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1. Gather local support
Speak to your neighbours, café owners, schools, local apiarists etc. and see how much support the community is able to offer. This might include spreading the word, donations, materials or mahi. It's essential that you have the backing of your community; a successful community garden is a team effort. After all, there is no ‘I’ in team! Promote the idea everywhere you can, gather the interested people and make a date to get them together. Have a kōrero, capture everyone's ideas and get broad commitment to go ahead.
2. Rope in your team
Bring together the willing participants, set goals and outline 'rules of engagement'. Establish what the garden will be, what you'll grow, how it'll be used and how the harvest will be shared. Draw up a design of the garden so that everyone can visualise it. If you get everyone on the same page now, it ensures harmony later...get the agreement down in writing.
3. Set your sights on a site
Next up is locating a site, but before you do, we suggest visiting existing community gardens to speak to their members about what works well, what their frustrations are and what you should consider. This is a really valuable exercise; you're certain to get some useful learnings out of it.
4. Take your plans to Council
Before going any further, an important step is to take your plans to Council and ensure they are onboard. They'll be able to advise on land ownership or any future plans for the location you've chosen. Local Councils are often very helpful with setting up a community garden, so be sure to check them out.
5. Check the site conditions
You need to ensure you have the right conditions if your garden is to flourish. Here are a few things to consider:
6. The secret is the soil
Now that you have your site and your team, you want to get stuck into planting! Right? Not just yet...we suggest checking the condition of your soil first. If you have heavy clay-based or light sandy soil, it’s probably best to install raised garden beds. If this isn’t an option, it’s important that you put in the pre-work to nourish your soil, to give your garden has the best chance at success. Add Yates Dynamic Lifter Organic Plant Food and generous compost to the soil and fork in well. Cover the soil with an organic mulch (e.g. pea straw) and water in well. Water regularly to help it break down and check the condition of the soil after 6 weeks. Repeat if necessary, until you're happy the soil is primed and ready to go.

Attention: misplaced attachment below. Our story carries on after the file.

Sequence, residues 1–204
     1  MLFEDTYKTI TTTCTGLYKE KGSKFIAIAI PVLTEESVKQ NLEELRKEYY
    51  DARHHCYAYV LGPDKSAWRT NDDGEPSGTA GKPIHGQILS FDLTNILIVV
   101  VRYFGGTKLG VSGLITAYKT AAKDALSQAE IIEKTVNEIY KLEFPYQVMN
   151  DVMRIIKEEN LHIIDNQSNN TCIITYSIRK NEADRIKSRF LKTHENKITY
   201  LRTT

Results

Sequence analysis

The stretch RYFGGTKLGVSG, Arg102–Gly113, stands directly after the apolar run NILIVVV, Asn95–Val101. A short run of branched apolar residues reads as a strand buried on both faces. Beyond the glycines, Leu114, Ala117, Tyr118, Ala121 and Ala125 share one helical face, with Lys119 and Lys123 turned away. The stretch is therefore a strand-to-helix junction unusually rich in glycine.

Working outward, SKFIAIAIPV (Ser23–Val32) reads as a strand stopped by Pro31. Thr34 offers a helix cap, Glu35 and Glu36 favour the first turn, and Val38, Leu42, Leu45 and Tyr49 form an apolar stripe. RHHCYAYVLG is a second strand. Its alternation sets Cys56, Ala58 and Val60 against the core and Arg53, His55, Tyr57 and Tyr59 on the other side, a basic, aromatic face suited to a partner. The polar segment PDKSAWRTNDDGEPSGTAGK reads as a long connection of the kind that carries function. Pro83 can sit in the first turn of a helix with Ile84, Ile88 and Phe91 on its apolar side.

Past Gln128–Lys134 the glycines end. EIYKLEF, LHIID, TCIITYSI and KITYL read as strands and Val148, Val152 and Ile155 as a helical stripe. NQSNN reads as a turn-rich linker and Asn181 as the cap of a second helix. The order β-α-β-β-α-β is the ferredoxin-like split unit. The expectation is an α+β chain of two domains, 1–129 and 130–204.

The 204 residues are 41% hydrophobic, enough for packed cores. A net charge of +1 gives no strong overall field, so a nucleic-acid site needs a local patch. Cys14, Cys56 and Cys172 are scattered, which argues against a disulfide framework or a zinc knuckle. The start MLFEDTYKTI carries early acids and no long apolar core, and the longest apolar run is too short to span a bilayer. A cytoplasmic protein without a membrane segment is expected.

7. Get planting!
Now the fun part! Rally up the troops and get planting! It’s important everyone has a role to play, so we suggest creating a roster for feeding, watering, and general maintenance, so that everyone feels like they are a part of something special. Working bees are a great way to kick-start things: this is the time to shine for the volunteers who don't enjoy meetings but love to get hands-on! Make sure to feed everybody afterwards and encourage them to hang out for a while. This is why creating places to sit and socialise are important to include in your garden plan.
Community gardens are a great way to connect with the community and bring people together. For a lot of people, they are valuable to minimise feelings of isolation or maintain a sense of purpose. All in all, they're an easy way to meet new, like-minded friends!